We must choose text that is complex but control the amount we give students so that they can fully process the information and skills we are asking them to tackle. One way to do this is POETRY.  Using poems to introduce language concepts is a natural way to expose students to our language standards and scaffold learning in chunks.  Providing figurative language into text is an easy way to see if students truly understand what they read.  When a second grader reads Amelia Bedelia by Peggy Parish, you can tell if they are making sense of text and reading on a literal level or reprocessing the text to a deeper figurative meaning by hearing the child laugh.  Children who read the words and do not understand may have comprehension of the actual text but not the hidden meanings. This must be modeled for our students who lack background and vocabulary such as our ELL and low socio-economic children.


Most of all we must continually expose our students to figurative language. Metaphors, similes, personification, etc. all require students to think beyond the words on the page to a deeper level.  Figurative language can evoke images; senses and emotion which helps students retain information IF they “see it.”


Helping students comprehend text requires both literal and figurative understanding of the text and language. Students learning to annotate, using their inner conversation and beginning to see when the text is unclear helps our students create deep meaning. Language is an important element in making sense of reading. Using figurative language helps our students build this skill and increase their ability to think beyond literal words on the page.


Resources used for this Blog:


Kenneth Krouse’s article entitled:  Mapping Metaphor: This is your brain on Figurative Language:

NCDP Test Specifications for the EOG grades 3-8:






Poetry- Reasons to Embrace it!

It is NO secret that I love poetry.  As an educator, you should too!  Poetry is a powerful vehicle of language.  Poems contain figurative language, grammar opportunities, and lessons on perspective and point of view in short manageable packages.   Rhyming poems offer an added benefit for younger readers because the rhyming helps them become better decoders. Rhyming improves phonemic awareness and learning of word families such as pill, will, chill, etc.

Poems are short but complex and offer a manageable way to expose students to rigorous text without overwhelming them.  They offer a way to build fluency for our readers. They help students build word recognition and automaticity with repeated readings and sometimes predictable rhyme patterns.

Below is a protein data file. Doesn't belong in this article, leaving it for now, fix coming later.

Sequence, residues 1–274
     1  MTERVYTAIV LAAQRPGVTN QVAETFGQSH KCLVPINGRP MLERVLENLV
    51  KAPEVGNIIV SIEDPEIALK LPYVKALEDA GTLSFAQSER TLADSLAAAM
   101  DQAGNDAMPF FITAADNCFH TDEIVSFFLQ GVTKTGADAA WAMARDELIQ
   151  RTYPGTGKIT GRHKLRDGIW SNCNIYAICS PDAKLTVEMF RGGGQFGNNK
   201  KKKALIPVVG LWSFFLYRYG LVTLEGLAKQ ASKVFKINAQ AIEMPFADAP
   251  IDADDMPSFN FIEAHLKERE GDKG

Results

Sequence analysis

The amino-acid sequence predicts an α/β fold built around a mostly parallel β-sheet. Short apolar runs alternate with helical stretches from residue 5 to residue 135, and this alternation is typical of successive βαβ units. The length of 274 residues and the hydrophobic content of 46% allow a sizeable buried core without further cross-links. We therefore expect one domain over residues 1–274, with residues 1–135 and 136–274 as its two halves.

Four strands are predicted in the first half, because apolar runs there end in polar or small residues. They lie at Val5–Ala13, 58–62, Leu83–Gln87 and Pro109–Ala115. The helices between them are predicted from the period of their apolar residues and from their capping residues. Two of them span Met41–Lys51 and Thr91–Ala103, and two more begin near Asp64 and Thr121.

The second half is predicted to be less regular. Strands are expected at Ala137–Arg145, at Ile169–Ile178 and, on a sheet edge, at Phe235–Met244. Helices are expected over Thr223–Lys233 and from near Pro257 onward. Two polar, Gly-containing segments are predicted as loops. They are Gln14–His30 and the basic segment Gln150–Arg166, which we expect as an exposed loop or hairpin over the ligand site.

A missing element in our instruction is often GRAMMAR.  Poems offer educators text to examine punctuation and grammar “Do’s and Don’ts.”  Anyone who has looked at an e. e. cummings poem has been exposed to a new world of looking at words and punctuation. Students are able to look at the use of parts of speech in context in small phrases which makes it easier to study the purpose and impact.

Look at the following excerpt from Emily Dickinson’s poem Summer Shower

 A drop fell on the apple tree,

Another on the roof;

A half a dozen kissed the eaves,

And made the gables laugh.


A few went out to help the brook,

That went to help the sea.

Myself conjectured, Were they pearls,

What necklaces could be!


The dust replaced in hoisted roads,

The birds jocoser sung;

The sunshine threw his hat away,

The orchards spangles hung.

This excerpt was accessed from the following website on 2/12/2016:

Within these three stanzas are opportunities to discuss verbs used in unusual ways.  The author creates images with nouns that are unconventional implying that the sunshine has a hat.   Diamante poems are an easy way for teachers to use poetry to focus on the power of grammar use in writing.  Helping children see why particular punctuation is being used such as the semicolon or comma, helps them understand their purpose within text.  Poetry offers these examples and allows the educator to teach skills at a sentence or phrase level rather than an entire paragraph or selection. When you are teaching skills remember that you teach first on a word or sentence level to paragraph to selection to multiple selections.  You do not begin teaching the skill of context clues within an entire selection because it is too much.  You must isolate the skill to one sentence until they understand and make the level more difficult and add more text. By moving through this progression level when you teach your skills, it allows students to grasp the concept on a concrete level before moving to a more complex abstract level.